David Doud, a former local and state candidate in Washington state, has started a candidate verification firm in the Seattle area that is looking to offer the political version of the Good Housekeeping seal of approval.
CandidateCheck would allow a candidate to tell voters that an independent, nonpartisan third party verified that they are who they say they are. The process includes a self-verification of their credentials, including education, military records and professional certifications, as well as a voluntary criminal- and civil-records check.
"That's the distinguishing feature because everybody right now that participates in that endorsement, credentialing process has a stake in the outcome of the election," Doud said in an interview. "But we are just in the business of information, so there is no agenda and no stake in the outcome."
The firm, started late in the 2010 cycle, also offers its services to organizations that want to ensure the candidate they support has nothing to hide, as well as to candidates looking for research on an opposing candidate. It also does a social media scrubbing for candidates to see what results from a Google search.
"This is a proven private-sector practice," Doud said. "Even my kids' Boys & Girls Club soccer coach has to go through a background check. ... The time has come in the political process."
Obama Adds Adviser; DNC Does Faith Outreach
President Barack Obama's campaign announced Monday that Broderick Johnson is joining the campaign as a senior adviser, national surrogate and representative in meetings with leaders, communities and organizations.
"Broderick joins the campaign with the insight of many years of experience in public service and on campaigns, including the 2008 campaign," Obama campaign manager Jim Messina said in a statement.
Johnson was an informal adviser to the Obama campaign in 2008 and a senior adviser for Congressional affairs on Sen. John Kerry's (D-Mass.) 2004 presidential campaign, and he served in senior roles in the White House late in President Bill Clinton's administration.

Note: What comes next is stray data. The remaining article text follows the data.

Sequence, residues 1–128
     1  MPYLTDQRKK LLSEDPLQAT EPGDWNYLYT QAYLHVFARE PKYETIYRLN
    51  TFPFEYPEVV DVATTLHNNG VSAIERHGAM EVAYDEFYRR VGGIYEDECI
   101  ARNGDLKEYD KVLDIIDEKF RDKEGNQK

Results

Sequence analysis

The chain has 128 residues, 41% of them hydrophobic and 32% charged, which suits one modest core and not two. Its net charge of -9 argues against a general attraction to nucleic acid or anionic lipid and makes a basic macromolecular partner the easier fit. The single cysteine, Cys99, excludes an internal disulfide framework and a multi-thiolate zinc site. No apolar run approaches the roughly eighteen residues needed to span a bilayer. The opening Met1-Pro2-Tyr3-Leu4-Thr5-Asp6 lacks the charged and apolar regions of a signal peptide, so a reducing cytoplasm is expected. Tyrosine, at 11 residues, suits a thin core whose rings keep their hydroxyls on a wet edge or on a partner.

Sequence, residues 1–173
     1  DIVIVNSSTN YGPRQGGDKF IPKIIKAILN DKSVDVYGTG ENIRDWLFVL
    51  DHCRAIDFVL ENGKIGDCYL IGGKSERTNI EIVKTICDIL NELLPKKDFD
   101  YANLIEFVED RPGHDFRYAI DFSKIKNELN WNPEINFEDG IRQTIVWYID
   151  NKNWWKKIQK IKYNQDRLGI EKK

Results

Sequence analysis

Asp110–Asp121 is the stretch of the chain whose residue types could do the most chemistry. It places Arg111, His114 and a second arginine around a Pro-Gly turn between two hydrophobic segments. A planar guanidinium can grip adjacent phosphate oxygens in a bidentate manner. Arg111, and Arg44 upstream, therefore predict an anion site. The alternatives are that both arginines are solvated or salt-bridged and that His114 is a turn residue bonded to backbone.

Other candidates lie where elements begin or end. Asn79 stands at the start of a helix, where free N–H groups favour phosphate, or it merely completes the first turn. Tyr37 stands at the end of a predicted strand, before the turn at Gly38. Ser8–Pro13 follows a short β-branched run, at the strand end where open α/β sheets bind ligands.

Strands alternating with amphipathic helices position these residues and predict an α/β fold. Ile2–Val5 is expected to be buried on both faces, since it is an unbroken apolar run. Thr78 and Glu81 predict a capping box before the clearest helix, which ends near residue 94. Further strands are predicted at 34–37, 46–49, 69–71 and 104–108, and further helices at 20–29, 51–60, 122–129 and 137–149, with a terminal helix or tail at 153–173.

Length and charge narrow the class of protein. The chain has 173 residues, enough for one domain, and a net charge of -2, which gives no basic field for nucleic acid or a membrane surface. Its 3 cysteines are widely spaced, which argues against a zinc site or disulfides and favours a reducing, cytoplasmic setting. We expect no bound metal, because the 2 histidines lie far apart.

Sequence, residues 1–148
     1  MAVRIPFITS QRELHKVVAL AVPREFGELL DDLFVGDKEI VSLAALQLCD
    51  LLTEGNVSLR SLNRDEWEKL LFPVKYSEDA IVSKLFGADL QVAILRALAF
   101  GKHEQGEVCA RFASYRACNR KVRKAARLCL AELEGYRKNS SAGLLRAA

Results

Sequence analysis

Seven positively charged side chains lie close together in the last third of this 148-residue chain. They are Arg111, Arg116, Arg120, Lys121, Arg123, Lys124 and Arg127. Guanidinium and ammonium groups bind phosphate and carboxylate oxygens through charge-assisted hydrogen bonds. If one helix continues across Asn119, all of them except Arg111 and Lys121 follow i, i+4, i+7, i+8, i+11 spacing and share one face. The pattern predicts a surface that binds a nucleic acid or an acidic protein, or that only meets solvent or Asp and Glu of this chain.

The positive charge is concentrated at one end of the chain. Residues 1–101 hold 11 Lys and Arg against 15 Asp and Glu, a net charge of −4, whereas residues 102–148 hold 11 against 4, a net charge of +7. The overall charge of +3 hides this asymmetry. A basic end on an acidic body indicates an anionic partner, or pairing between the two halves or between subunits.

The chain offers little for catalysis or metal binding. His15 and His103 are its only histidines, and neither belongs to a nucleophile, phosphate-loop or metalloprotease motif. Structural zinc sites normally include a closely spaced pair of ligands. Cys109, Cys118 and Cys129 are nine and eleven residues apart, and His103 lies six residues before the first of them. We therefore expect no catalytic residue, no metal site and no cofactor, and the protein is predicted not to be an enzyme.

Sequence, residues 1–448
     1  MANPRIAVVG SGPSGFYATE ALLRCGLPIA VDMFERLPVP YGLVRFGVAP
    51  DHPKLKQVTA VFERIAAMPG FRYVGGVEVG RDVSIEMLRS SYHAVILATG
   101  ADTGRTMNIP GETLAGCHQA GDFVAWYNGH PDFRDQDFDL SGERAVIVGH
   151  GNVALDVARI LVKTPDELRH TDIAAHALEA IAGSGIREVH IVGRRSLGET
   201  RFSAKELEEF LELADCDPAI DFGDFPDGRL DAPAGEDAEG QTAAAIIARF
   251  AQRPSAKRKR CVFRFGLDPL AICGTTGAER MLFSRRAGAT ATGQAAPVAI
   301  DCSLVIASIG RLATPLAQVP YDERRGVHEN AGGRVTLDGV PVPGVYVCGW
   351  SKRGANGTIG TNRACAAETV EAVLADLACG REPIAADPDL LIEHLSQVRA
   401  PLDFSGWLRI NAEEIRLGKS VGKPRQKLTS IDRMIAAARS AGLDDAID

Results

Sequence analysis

Meanwhile, NPR's Michele Norris, Johnson's wife, announced she will step down as host of "All Things Considered" until after the 2012 elections. Norris said she would remain with NPR to work on features and reporting projects not related to election coverage.
Also, the Democratic National Committee announced last week the hire of the Rev. Derrick Harkins as director of faith outreach.
"In 2008, President Obama built an unprecedented religious outreach operation. We saw gains with Catholics, Evangelicals, mainline Protestants and other communities of faith," DNC Executive Director Patrick Gaspard said in a statement. "The hire of Rev. Harkins to lead our efforts here at the DNC should be a clear sign to everyone that Democrats will be making our case to voters motivated by their faith and values in 2012."
FP1 Plus One
FP1 Strategies announced last week the hiring of Alex Johnson as senior vice president.
Johnson is a former partner at Avalanche Advisors, a state affairs firm, and previously was founding executive director of the Republican Legislative Campaign Committee and the Republican Lieutenant Governors Association.
At FP1 — based in Washington, D.C., and led by GOP consultants Terry Nelson, Jon Downs and Danny Diaz — Johnson will continue state public affairs work and perform general consulting, communications strategy and media consulting for campaigns.
Former Sen. Scott Brown, R-Mass., candidate for U.S. Senate in New Hampshire, holds his hand over his heart during the singing of the national anthem as he waits to take the stage for his town hall campaign rally with Sen. John McCain at the Pinkerton Academy in Derry, N.H., on Monday, Aug. 18, 2014.